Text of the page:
© St. Petersburg Times, published April 22, 2002
TAMPA -- The Rev. Kevin Donlon told about 200 parishioners of St. Mary's Episcopal Church on Sunday that he had resigned and was leaving the Episcopal Church to start a new parish.
He also used the occasion to talk about the allegations that had led to his suspension 11 weeks ago from St. Mary's.
Until Sunday, the charges had not been made public. Only Donlon, the regional bishop who suspended him, the eight church members who complained about him and members of the church governing body had seen the 26-page complaint.
Donlon and his supporters said the allegations included: an inappropriate supervisory relationship with a former staff member, the unauthorized disclosure of privileged communications, abusive conduct toward staff members, a conflict with the church-affiliated school's headmaster and inappropriate interaction with members of the parish community.
Donlon denied the allegations.
He said the relationship involved a female parishioner he mentored who is pursuing a career in the priesthood. The woman, along with Donlon's wife and his parents, submitted affidavits to the bishop saying the relationship was not sexual or inappropriate, he said.
"Many of the allegations are made completely without personal knowledge and are based on innuendo and inference," Donlon wrote in a letter he gave to parishioners Sunday. "Please remember also that numerous current and former St. Mary's parishioners and employees -- who were named in the allegations without their knowledge or consent -- later learned of the allegations and provided detailed affidavits refuting them."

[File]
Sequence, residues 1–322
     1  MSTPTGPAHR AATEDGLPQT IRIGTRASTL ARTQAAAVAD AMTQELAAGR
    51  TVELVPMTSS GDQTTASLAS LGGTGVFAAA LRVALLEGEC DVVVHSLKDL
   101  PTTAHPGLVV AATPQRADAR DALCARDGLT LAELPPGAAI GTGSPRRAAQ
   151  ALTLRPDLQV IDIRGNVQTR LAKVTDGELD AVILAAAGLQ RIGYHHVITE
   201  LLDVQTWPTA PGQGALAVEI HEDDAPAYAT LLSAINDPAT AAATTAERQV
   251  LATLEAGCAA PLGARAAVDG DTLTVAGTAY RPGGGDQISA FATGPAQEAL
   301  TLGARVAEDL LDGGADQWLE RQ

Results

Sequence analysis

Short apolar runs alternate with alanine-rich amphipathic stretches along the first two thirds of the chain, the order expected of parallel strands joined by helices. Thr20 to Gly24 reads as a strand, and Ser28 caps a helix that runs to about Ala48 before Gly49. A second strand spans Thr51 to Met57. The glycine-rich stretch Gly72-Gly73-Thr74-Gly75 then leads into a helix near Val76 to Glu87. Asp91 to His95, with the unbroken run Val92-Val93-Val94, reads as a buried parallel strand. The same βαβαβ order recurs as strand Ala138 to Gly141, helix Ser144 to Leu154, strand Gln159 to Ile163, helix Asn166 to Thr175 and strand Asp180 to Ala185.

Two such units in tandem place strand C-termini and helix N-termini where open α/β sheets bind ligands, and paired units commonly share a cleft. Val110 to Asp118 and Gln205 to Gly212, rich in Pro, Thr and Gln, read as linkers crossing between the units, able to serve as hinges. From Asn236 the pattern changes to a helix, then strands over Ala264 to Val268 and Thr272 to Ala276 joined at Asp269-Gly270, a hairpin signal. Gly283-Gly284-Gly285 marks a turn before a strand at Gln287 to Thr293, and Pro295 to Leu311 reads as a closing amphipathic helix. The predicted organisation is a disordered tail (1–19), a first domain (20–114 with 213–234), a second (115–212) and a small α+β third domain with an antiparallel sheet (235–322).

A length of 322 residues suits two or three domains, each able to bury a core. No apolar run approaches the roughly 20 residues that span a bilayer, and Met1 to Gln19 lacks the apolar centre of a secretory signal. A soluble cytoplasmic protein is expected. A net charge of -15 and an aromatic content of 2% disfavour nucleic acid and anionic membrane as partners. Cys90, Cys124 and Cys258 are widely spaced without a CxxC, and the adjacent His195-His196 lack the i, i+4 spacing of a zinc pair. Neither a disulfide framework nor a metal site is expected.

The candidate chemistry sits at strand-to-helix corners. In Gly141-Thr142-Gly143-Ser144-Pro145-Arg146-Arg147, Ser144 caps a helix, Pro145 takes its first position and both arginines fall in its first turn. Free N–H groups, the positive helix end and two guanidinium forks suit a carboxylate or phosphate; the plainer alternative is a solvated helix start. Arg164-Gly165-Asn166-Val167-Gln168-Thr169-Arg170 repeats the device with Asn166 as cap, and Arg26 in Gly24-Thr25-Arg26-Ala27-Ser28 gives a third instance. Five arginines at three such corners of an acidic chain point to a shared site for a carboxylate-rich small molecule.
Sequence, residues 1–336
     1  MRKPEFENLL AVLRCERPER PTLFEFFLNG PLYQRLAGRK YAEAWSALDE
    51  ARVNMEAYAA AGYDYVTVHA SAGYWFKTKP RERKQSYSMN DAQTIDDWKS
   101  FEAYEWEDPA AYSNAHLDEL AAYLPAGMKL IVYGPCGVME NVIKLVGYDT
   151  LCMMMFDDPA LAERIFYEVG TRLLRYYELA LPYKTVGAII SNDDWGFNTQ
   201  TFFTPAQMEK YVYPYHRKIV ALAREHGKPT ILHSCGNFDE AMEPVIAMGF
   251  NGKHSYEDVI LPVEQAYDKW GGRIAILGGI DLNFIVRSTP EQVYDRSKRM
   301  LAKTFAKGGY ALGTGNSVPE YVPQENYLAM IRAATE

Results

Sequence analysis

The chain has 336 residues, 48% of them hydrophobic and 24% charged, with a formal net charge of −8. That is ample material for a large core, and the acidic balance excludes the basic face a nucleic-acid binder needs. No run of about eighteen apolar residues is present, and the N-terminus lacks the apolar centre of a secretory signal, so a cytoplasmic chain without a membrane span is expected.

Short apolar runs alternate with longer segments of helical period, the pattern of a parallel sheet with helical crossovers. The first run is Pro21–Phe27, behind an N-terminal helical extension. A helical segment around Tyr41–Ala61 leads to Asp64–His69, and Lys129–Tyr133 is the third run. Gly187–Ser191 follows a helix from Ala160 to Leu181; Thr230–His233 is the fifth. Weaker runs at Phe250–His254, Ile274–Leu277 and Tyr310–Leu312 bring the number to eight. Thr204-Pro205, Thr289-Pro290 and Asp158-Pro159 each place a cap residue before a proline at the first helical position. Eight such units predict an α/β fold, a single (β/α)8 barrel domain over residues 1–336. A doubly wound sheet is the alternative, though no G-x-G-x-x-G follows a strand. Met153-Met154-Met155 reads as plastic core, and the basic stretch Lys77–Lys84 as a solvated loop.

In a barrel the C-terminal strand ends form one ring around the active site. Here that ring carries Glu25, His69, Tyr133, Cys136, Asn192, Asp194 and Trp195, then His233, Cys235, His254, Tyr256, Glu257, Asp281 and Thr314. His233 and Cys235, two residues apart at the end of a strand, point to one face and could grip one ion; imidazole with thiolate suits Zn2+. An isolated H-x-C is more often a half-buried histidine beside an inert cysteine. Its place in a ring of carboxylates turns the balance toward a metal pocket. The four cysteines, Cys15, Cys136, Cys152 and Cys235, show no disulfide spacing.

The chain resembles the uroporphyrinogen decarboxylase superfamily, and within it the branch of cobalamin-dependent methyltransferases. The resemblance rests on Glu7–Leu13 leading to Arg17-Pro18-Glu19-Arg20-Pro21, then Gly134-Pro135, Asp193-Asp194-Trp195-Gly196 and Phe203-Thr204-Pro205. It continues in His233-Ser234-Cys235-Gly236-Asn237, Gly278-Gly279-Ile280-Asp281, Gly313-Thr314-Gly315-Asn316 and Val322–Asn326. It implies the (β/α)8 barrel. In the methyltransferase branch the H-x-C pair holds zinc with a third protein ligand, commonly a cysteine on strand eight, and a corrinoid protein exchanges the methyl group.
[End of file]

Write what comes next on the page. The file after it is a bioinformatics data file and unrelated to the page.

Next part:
Donlon said Bishop John Lipscomb had the authority to lift the suspension and refused to do so.
"There's been enough pain in the congregation," Donlon said. "There's been enough personal loss in my own life, and it had to come to closure."
Jim DeLa, director of communications for the Episcopal Diocese of Southwest Florida, said Lipscomb would probably comment today.
"It's a sad situation when a priest feels that he needs to take extreme measures like this," DeLa said.
Donlon, 45, had been at St. Mary's since 1996. Under his tenure, the congregation grew to 600 members and undertook a $10-million project, building a new church and a school in South Tampa. Both opened in January. His suspension caused a rift in the church, and many vocally supported him.
The meeting Sunday, held at the Tampa Woman's Club off Bayshore Boulevard, was attended by parishioners invited by other members. They were unaware of Donlon's plans until he revealed them.
Donlon criticized the church disciplinary process that gave the bishop the power to suspend him on charges Donlon characterized as unsubstantiated.
"The words of Jesus have not been heeded," Donlon told them. "They have been tossed out. The system is fatally and unequivocally flawed. I will not submit to the authority of the bishop and admit to things I did not do."
Ending the matter meant resigning from the Episcopal Church and becoming affiliated with the Anglican Mission in America, a group of more than 40 parishes throughout the U.S.
Donlon's new church, called the Church of the Resurrection, will adhere to the same creeds and articles of faith used by the Episcopal Church, he said.
The new church's first meeting will be next Sunday in the meeting room of the Tampa Woman's Club on Bayshore Boulevard.
"I wish the best for Father Donlon," said Marilyn Healy, one of the St. Mary's parishioners who complained to the bishop about Donlon. "This hasn't been a good situation for anybody concerned.
"We would hope that he does not harbor any anger or resentment in his heart, because we do not."
Most of the people at Sunday's meeting seemed excited and hopeful about the new parish.
"This is a very, very positive move," said Ann Darden of Tampa. Darden has been with St. Mary's for three years, but intends to follow Donlon to the new church.
"This place is going to be packed."